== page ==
React documentation says:

Context provides a way to pass data through the component tree without having to pass props down manually at every level.

I will try to explain this API in simple words.
 
 
When to use context?
 
If you need to pass one shared prop to many components. This prop is “global” for a tree of React components. The right term for this is – prop drilling.
 
 
Context API & Redux
 
Actually, React context API’s purpose is more or less same as Redux’s purpose. What’s the most important is simplicity. Context API is much simpler than Redux.
 
 
React.createContext
 
const {Provider, Consumer} = React.createContext(defaultValue);
//or
const ContextName = React.createContext();

 
With this we will have {Provider, Consumer} pair. When React renders a context Consumer, it will read the current context value from the closest matching Provider above it in the tree. The defaultValue argument is only used by a Consumer when it does not have a matching Provider above it in the tree.
 
 
Provider & Consumer – Roles
 
Provider is React component that allows Consumers to subscribe to context changes. Consumer is React component that subscribes to context changes and use that.
 
 
Example
 
Note: You can find full code of this example here.
 
In this example, we will create context and use it with two consumers. Those consumers will change background and font color in div dynamically according to value user pass through input field in provider.
Firstly, we need to create context with default value.
 
const ColorContext = React.createContext("#FFFF66");
 
After that we will create Provider:
class ColorProvider extends React.Component {
  state = { color: "#FFFF66" };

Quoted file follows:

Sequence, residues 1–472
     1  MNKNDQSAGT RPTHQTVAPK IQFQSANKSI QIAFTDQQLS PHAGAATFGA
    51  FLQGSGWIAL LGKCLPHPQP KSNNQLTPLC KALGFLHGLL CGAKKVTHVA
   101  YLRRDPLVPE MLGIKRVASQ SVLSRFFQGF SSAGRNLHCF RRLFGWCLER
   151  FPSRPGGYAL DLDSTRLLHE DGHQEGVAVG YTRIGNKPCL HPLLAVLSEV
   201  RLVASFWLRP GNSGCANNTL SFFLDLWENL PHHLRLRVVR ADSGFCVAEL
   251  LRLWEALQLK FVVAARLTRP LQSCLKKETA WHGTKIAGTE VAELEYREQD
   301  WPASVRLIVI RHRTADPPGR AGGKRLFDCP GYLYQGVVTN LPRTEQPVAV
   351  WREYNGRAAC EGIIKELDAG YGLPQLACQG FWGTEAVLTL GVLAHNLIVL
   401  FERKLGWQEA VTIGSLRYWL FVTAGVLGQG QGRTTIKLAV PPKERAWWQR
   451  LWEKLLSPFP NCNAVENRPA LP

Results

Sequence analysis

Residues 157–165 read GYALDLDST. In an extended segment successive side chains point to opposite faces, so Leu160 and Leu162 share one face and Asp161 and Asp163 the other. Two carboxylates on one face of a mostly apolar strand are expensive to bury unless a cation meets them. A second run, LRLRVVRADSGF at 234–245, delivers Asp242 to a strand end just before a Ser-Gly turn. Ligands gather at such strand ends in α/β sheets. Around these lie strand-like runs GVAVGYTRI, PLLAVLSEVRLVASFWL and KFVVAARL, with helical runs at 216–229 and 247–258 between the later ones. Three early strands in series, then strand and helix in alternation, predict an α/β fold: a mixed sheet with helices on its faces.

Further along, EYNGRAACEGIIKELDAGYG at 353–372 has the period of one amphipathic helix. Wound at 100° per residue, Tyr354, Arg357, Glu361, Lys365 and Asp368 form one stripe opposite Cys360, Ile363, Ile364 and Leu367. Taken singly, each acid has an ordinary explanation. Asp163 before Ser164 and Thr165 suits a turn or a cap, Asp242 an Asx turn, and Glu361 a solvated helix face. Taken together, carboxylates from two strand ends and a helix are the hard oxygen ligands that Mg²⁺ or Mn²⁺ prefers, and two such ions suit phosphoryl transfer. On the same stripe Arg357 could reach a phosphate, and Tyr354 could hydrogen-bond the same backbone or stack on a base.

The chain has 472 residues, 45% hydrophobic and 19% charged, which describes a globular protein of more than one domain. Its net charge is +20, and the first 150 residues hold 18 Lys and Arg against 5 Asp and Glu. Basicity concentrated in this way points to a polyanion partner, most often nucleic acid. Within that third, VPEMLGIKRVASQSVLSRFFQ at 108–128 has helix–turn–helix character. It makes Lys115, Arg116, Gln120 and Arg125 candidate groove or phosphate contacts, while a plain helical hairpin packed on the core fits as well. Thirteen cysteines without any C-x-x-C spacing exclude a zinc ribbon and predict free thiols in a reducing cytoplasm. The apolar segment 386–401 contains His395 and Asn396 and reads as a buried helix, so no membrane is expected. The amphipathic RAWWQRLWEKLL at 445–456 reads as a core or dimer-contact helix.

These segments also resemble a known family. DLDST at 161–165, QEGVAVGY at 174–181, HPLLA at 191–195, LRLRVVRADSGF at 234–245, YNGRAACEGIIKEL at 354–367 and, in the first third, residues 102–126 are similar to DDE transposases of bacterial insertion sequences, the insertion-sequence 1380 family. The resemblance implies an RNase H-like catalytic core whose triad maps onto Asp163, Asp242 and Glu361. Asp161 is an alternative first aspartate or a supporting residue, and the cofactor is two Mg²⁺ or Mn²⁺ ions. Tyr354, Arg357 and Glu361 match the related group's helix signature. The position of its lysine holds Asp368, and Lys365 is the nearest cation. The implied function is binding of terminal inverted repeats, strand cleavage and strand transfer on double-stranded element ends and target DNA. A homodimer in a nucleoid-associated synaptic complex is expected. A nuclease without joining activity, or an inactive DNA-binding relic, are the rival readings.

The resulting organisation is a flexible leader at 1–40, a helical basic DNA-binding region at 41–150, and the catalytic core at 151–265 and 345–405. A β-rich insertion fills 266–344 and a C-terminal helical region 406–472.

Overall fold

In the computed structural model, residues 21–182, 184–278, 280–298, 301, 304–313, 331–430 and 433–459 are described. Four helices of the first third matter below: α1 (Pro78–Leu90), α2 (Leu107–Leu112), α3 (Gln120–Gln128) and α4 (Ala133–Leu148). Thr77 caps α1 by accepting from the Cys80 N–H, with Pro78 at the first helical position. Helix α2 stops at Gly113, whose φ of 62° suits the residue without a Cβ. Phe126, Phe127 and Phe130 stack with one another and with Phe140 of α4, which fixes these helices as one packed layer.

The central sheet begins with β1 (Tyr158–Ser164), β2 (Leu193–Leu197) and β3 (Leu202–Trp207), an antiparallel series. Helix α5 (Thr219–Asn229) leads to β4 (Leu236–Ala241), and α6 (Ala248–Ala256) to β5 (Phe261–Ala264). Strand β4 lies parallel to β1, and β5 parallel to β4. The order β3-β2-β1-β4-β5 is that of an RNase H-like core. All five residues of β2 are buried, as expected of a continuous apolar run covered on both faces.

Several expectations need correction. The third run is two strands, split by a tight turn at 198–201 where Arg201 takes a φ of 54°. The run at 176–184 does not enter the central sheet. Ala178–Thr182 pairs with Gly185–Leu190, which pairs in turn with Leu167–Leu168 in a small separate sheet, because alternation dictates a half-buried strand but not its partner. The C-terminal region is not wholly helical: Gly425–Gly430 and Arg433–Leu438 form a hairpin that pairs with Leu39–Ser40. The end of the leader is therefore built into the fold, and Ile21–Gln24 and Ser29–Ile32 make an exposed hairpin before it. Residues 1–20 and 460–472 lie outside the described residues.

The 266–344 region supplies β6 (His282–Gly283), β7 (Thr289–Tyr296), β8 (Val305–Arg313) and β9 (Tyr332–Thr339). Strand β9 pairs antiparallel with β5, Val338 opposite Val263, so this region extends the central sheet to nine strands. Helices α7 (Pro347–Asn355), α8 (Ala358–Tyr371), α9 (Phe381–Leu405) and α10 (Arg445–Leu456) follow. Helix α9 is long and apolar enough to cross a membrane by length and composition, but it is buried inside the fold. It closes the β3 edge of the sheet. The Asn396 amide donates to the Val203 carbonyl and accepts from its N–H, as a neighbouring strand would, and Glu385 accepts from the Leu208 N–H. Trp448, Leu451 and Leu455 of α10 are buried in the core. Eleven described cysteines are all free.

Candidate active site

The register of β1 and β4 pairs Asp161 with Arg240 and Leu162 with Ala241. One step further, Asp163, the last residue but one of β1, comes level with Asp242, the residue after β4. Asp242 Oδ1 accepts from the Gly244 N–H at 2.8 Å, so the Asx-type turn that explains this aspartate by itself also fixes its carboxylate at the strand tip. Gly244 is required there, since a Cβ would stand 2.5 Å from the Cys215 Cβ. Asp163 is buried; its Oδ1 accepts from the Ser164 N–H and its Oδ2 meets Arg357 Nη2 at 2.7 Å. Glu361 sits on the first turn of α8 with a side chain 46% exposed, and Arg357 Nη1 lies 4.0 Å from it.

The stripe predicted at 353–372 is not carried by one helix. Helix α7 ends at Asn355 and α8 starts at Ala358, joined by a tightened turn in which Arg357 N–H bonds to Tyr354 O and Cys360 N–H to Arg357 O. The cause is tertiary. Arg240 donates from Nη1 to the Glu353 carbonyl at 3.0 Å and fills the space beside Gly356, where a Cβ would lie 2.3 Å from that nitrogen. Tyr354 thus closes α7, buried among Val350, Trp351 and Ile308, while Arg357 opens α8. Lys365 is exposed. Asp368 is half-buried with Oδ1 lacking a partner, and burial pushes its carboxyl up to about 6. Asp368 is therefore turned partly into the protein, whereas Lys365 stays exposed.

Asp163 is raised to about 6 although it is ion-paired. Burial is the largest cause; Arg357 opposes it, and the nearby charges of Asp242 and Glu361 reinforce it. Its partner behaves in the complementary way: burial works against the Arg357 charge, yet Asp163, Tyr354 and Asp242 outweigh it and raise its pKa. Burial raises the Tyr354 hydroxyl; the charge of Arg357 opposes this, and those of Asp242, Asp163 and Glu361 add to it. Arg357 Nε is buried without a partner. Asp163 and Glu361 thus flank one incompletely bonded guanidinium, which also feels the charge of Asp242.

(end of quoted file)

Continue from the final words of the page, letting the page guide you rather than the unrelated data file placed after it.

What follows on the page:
getColor = event => {
    var targetValue = event.target.value;
      this.setState(({ color }) => ({
      color: targetValue
    }));
  };

  render() {
    return (
      <ColorContext.Provider value={this.state.color}>
        <input type="text" value={this.state.color} onChange={this.getColor} />
        {this.props.children}
      </ColorContext.Provider>
    );
  }
}

 
As you can see, we define Provider as ContextName.Provider, in this case ColorContext.Provider. But we must also pass props to children components by using {this.props.children} – this is important. From this point, our consumers can use value Provider pass.
 
class ColorConsumer extends React.Component {
  render() {
    return (
      <ColorContext.Consumer>
        {color => <div style={{ backgroundColor: color }}>{color}</div>}
      </ColorContext.Consumer>
    );
  }
}

 
As you can see, we define Consumer as ContextName.Consumer, in this case ColorContext.Consumer. After that, he can use value Provider passed to this component – in this case – it’s color. However, Consumer will use that value (prop) only if it’s child of Provider, so we must create proper tree in our rendering component, like:

<ColorProvider>
  <ColorConsumer />
</ColorProvider>

 
 
Conclusion
 
The newest React Context API is perfect solution for passing down props to children components, without explicitly passing it from parent component. Also, it’s great for props drilling when you don’t want to play around with much more complex and exhausting Redux or MobX.